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ARS Home » Plains Area » Bushland, Texas » Conservation and Production Research Laboratory » Soil and Water Management Research » Research » Publications at this Location » Publication #361513

Research Project: Precipitation and Irrigation Management to Optimize Profits from Crop Production

Location: Soil and Water Management Research

Title: Evaluation of sensible heat flux and evapotranspiration using a surface layer scintillometer and a large weighing lysimeter

Author
item Moorhead, Jerry - Jed
item Marek, Gary
item Colaizzi, Paul
item Gowda, Prasanna
item Evett, Steven - Steve
item Marek, Thomas - Texas A&M Agrilife
item Porter, Dana - Texas A&M Agrilife
item Brauer, David - Dave

Submitted to: Book Chapter
Publication Type: Book / Chapter
Publication Acceptance Date: 2/21/2019
Publication Date: 2/25/2019
Citation: Moorhead, J.E., Marek, G.W., Colaizzi, P.D., Gowda, P.H., Evett, S.R., Marek, T.H., Porter, D.O., Brauer, D.K. 2019. Evaluation of sensible heat flux and evapotranspiration using a surface layer scintillometer and a large weighing lysimeter. In: Top 5 Contributions in Sensor and Biosensor Technology. 3rd Edition. Hyderabad, India: Avid Science. p. 1-40.

Interpretive Summary: With water resources continually declining, conserving water is essential. Water conservation in agriculture is mostly done through irrigation management. For the best irrigation management, accurate estimates of crop water use are required. Many instruments are available to estimate crop water use; however, there are benefits and disadvantages to each one. The more simple and easier to use instruments do not have good enough accuracy. A relatively unused instrument, the laser scintillometer, has not been tested for use in measuring crop water use. Scientists from ARS (Bushland, TX) and Texas A&M AgriLife Research and Extension Service held a field experiment to test how well the laser scintillometer measures crop water use. It was found that the laser scintillometer was relatively accurate providing daily estimates of crop water use with an error of 13%. These results show there is potential to use the laser scintillometer for estimating crop water use in agricultural water management.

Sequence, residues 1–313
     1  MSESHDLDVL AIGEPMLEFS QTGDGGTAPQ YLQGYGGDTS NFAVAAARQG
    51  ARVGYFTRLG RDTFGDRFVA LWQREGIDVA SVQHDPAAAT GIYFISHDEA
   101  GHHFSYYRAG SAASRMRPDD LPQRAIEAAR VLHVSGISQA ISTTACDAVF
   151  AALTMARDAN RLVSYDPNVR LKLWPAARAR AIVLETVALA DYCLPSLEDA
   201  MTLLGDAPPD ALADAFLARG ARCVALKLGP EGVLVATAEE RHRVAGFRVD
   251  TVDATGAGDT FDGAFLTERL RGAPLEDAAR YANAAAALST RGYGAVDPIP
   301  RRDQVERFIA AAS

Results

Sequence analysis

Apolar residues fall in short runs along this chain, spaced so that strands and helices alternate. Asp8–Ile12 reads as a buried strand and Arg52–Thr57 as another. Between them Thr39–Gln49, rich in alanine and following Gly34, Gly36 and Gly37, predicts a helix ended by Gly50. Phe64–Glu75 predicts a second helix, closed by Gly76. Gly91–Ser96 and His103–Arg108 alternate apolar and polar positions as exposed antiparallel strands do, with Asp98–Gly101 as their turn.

Technical Abstract: Accurate estimates of actual crop evapotranspiration (ETa) are required for optimal irrigation water management, especially in semi-arid regions. Common ETa measurement methods include Bowen Ratio, Eddy Covariance (EC), weighing lysimeters, and scintillometers. Although large, representative lysimeters are considered the ultimate standard for measurement of ET, but they are expensive to install and costly to maintain. Measurement systems such as EC and scintillometers are much simpler and cost effective alternatives for ET estimation; however, uncertainty about their accuracy is an important and concerning issue. In previous scintillometer studies, EC data were used for validation, which raises concern, as EC systems have a widely acknowledged and significant energy balance closure problem. In this study, a Surface Layer Scintillometer (SLS) was evaluated for accuracy in determining ET, as well as sensible and latent heat flux, as compared to a large weighing lysimeter in Bushland, TX. The SLS was installed over irrigated grain sorghum (Sorghum bicolor (L.) Moench) for the period of July 29 – August 17, 2015 and over grain corn (Zea mays L.) for the period of June 23 – October 2, 2016. Results showed poor correlation for sensible heat flux, but good correlation for ET, with R-squared values of 0.87 and 0.89 for hourly and daily ET, respectively. The accuracy of the SLS was comparable to other ET measurement instruments with an RMSE of 0.10 mm per hour (40%) for hourly ET; however, summing hourly values to a daily time step reduced the actual ET error to 14% (0.75 mm per day). This level of accuracy indicates that potential exists for the SLS to be used in some water management applications. As few studies have been conducted evaluating the SLS for ET purposes, or in combination with lysimetric data, further evaluations would be beneficial to investigate the applicability of the SLS in water resources management.